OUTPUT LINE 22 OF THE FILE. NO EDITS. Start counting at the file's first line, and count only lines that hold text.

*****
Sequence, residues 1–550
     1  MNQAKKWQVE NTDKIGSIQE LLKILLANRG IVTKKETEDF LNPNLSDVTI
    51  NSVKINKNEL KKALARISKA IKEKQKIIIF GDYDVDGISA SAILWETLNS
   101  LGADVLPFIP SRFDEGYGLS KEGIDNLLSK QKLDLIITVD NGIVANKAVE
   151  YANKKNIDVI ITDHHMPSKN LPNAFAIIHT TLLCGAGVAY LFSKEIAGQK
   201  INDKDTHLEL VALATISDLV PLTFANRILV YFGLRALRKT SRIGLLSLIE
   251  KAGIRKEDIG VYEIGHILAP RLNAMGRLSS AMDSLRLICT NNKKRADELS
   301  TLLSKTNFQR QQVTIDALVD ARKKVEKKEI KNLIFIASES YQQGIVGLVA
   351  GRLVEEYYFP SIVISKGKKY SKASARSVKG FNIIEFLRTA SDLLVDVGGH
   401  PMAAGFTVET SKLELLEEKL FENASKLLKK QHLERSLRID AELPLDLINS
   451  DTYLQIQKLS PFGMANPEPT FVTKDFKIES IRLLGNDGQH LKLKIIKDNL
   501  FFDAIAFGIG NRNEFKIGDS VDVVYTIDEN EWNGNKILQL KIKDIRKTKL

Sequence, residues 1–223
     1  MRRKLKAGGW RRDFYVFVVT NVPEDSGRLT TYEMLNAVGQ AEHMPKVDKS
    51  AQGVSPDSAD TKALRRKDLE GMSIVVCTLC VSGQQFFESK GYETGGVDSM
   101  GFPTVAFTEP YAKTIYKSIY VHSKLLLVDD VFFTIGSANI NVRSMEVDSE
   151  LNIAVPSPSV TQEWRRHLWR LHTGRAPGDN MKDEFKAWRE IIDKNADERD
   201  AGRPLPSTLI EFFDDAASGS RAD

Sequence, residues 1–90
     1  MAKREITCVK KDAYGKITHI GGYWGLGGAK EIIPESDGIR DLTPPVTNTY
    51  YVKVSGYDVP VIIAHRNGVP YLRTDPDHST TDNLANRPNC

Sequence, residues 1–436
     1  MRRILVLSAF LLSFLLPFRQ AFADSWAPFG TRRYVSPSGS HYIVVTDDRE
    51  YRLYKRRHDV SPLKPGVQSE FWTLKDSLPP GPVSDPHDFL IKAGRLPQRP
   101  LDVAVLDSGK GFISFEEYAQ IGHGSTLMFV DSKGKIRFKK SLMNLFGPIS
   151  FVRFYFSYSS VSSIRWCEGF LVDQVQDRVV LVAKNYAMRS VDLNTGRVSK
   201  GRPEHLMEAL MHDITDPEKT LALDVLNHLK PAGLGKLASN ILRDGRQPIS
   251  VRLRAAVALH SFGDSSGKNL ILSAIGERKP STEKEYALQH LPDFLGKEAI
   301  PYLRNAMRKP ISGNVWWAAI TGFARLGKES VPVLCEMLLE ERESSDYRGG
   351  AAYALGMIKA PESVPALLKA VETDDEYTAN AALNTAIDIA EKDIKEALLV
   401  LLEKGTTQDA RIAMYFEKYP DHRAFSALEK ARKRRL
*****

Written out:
Sequence, residues 1–436